DeBennetto has been training at Varsity House since his sophomore year in high school and credits the gym with getting him ready for the next level of play.
“I’m well-prepared for college, both mentally and physically,” he said. “The environment here is great. It helps you get better.”
A major reason the event keeps growing is due to the Varsity House “family.”
“This is a reunion and call to action,” said Goodman. “We have willing athletes. Kids are distracted with a lot of things today. Without the courage of these kids this event would not happen. It’s an opportunity for athletes to show off their hard work. We have ‘throw-back’ kids willing to lay it on the line.
“We have a lot of schools working out here so when we call in favors we have people who are pumped up, ready to help in any way. It’s random acts of kindness. More than 100 people are helping out. It’s a collective effort.”
One group that has been loyal to the Strongman Challenges are Michael’s friends, especially Chris Kenneally, Anthony Macho and Mundy.
“This event has come so far,” Kenneally said. “Varsity House has grown and the event has grown.”
Macho remembers Michael as someone who never let his illness get him down. He had a leg amputated and he actually began to feel better. He started working out again and got back to the “normal stuff,” according to Macho.
“He always had a positive attitude,” Macho said. “He wanted to be treated like a normal person. We wanted to put something together for kids. We explain about Mike. He was a strong person, a varsity athlete.”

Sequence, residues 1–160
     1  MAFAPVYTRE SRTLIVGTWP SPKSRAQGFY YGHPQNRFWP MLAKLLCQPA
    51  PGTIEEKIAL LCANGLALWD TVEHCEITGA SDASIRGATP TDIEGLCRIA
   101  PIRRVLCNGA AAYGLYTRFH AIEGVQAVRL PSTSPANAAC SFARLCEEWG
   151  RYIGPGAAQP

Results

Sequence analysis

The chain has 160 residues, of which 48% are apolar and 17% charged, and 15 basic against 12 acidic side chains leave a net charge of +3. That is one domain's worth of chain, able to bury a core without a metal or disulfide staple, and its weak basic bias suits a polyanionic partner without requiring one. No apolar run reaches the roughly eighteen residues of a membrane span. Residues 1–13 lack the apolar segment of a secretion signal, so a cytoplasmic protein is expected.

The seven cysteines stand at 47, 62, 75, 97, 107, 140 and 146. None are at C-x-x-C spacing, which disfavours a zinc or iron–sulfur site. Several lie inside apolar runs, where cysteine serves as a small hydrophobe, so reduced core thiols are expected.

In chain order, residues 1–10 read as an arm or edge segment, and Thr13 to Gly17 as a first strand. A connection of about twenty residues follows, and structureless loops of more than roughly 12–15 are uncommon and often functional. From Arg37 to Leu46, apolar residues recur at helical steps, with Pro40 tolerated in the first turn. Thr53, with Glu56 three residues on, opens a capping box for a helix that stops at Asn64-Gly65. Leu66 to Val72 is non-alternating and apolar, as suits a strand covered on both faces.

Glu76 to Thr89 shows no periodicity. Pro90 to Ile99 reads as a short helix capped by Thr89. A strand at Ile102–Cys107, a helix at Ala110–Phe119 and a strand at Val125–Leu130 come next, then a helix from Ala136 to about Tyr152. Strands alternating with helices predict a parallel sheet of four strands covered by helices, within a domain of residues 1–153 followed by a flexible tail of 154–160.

Katie LaViola remembers her brother, who was four years her senior, for “picking on her out of love.”
“I always had a firm belief that everything happens for a reason,” she said. “It was tough to have that outlook after Michael died. Over the years I got it back.”
Katie adds that although she is working in the fashion industry at the present time she is thinking of going back to school to become a nurse.
“It stems from my brother,” she said. “Without him getting sick I would not have realized [I wanted to change careers]. I want to be helping kids.
“Michael was always positive and he made sure everyone was OK. I couldn’t be anything else.”
Mary LaViola, who now trains at Varsity House, said that Michael was a “loving boy.”
“We had a close relationship,” she said. “He loved his dad, his friends and doing family things. He liked to be home spending time with his family. He was good hearted and always helped people. People said, ‘you raised him right.’ He never complained [about his illness]. He wanted to be like everyone else. He never felt sorry for himself.”
“I can’t imagine dealing with something like that in the public eye,” said Goodman. “It takes courage.”
“The LaViolas are so strong to continue to do something for their son,” added Macho. “They are our second family.”
Although Michael’s friends plan to attend the Strongman Challenge for many years to come, there is also talk of organizing other events to raise funds.
“As we get older, we might plan golf outings,” Kenneally said with a laugh. “We want to make the LaViolas proud and let kids know they can get scholarships.”
“Our goal is to make it bigger,” added Macho. “We’ll always be here to help out and recognize him. I think Mike would want us to get together.”
The 2018 Strongman Challenge raised about $19,000, bringing the total to nearly $180,000 in 10 years. And with the number of participants and spectators they should go over the $200,000 mark in 2019.
“I can’t believe it’s 10 years since I lost my brother,” Katie LaViola said. “In those 10 years we’ve done so much to keep his memory alive. We’re trying to turn tragedy into something good. He would be so proud.”
“We miss him terribly,” Mike LaViola said of his only son. “It’s good to remember him in a positive way, gaining positive results. Mary and I hope to do this as long as we possibly can.”
Article by JC Baumuller